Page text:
Your WordPress Malware Removal Guide: How to Clean an Infected WordPress Site

Is your WordPress site facing threats from applications, Trojans, or backdoors?

These are the three most common types of malware. However, malware comes in all different forms, and despite your best efforts, it can be impossible to combat all of them. Even though WordPress is safe, reliable, and popular for a reason, WordPress sites can still become infected.

It’s important to take steps to protect your site from WordPress malware. But it’s also important to know basic WordPress malware removal, for when an infection does occur. Malware doesn’t spell a death sentence for your site — but there are some steps you’ll need to take.

If you’re new to WordPress malware removal, don’t worry. We’re here to help. Keep reading to find out how to tackle this website disaster.

Signs of a Malware Attack

Not sure if malware might be affecting your site? Here are a few common signs to watch out for.

Any unauthorized changes to your site are definitely something to worry about. If the homepage looks different, or you see new users added that you don’t recognize, malware could be to blame.

You might also see new pop-up windows, learn about emails from your site that you didn’t send, or see changes to file names. Finally, the network might show activity even when you weren’t using it.

However, the most dangerous thing about malware is that it’s often hard to spot. If you’re not sure if malware has infected your site, follow the below steps to be safe.

1. Find the Malware

Malware can run in the background of your site for a long time, messing with things but not enough for you to notice. To clean up your site, you’ll first need to do a scan so you can catch the malware.

Invest in a quality scanning tool, and use it often. The sooner you can catch malware, the less damage it can do.

2. Perform Regular Backups

Ideally, this step will start before the malware attack happens.

When you have a WordPress site, you should always back it up on a regular schedule. These backups give you a site that you can restore after cleaning up an infection.

However, if you haven’t been doing regular backups, you should still back up your site as soon as you realize it has malware. Ideally, your web host will have its own backup options, allowing you to save the complete site. Make sure to leave enough time for this large download to finish.

If you’re able to log in to your site, you might also use a WordPress backup plugin instead. But sometimes, malware will affect your ability to log in.

Contact a professional if you can’t figure out a way to download your site. But if you’ve made it this far on your own, you can keep working without bringing professional help in.

3. Download Your Files and WordPress

Now that you have a backup, download it to your own computer if you haven’t already.

Once you have the files, you should re-download the latest WordPress version. Installing the newest version adds a new layer of protection. After it’s installed, make sure to stay on top of regularly updating it. Running a completely updated site protects you from malware.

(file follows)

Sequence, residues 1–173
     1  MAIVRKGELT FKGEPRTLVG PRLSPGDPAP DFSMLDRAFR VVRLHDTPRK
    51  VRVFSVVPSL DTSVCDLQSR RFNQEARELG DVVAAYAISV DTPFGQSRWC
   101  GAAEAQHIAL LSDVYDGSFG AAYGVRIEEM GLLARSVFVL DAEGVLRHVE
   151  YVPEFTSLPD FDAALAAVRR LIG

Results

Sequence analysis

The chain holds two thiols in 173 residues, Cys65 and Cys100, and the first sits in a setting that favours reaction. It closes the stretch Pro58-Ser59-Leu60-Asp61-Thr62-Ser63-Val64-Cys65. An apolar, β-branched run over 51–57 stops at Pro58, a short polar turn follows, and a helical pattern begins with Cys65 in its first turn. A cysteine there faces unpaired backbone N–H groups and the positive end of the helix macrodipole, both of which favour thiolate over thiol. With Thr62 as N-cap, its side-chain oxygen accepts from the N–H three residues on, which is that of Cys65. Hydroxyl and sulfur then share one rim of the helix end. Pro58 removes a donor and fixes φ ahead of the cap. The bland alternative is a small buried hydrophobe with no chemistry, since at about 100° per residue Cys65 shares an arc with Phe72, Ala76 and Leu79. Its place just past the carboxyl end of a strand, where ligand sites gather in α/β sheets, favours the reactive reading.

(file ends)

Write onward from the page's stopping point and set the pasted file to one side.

4. Delete Your Online Site

You now have a complete backup of your site safely stored on your computer, and a new version of WordPress that’s ready to go. It’s time to delete the current, public version of the site where the malware lives.

You’ll want to double-check your backup first to make sure everything you need is there. Then, go ahead and delete the public site. Your web host should have a file manager you can use that makes this process easier.

You might find some advice that suggests you go through all your files to find the compromised ones. However, this process is too tedious and unreliable. It’s better to delete the whole thing. Since you have a backup, you won’t be starting from scratch.

5. Install WordPress and Backup

Now, you can install your new version of WordPress. Upload your backup to this new, clean site.

6. Change Your Password

Your admin password for the site may have been compromised by the malware. Change it to something secure — a random mix of symbols, letters, and numbers is ideal.

Make sure to check and reset the passwords for any other users, too. If you have FTP (file transfer protocol) password, reset it as well.

7. Rebuild the Site

Now comes a harder part.

You’ll need to rebuild your site by uploading themes, plugins, and photos again. You don’t want to use old plugins or themes, because they may have been compromised. As you upload images, check each file to make sure it doesn’t contain anything suspicious.

8. Change the Google Warning

If your site was infected, it probably got tagged with a warning from Google.

You’ll need to request a warning removal from Google. Make a Google Webmaster Tools account. Then, click “Health,” “Malware,” and then “Request” to get the new site looked over.

9. Add New Security Measures

You’ll want to be sure to prevent the same issues from happening again. Once you’ve got your site back up and running, this is a good time to install new security.

Performing regular scans is a good idea. In fact, you should do one now to make sure your site is totally malware-free. Then, use security plugins, or contact your web host about their security measures.

Looking for WordPress Malware Removal Help?

While it is possible to perform these steps on your own, you might run into trouble along the way. That’s where your web host comes in. A good host will be able to help with WordPress malware removal, and keep the new site secure.

However, not all hosting services are created equal. Looking for high-quality web hosting in Ireland? Learn more about our hosting plans here.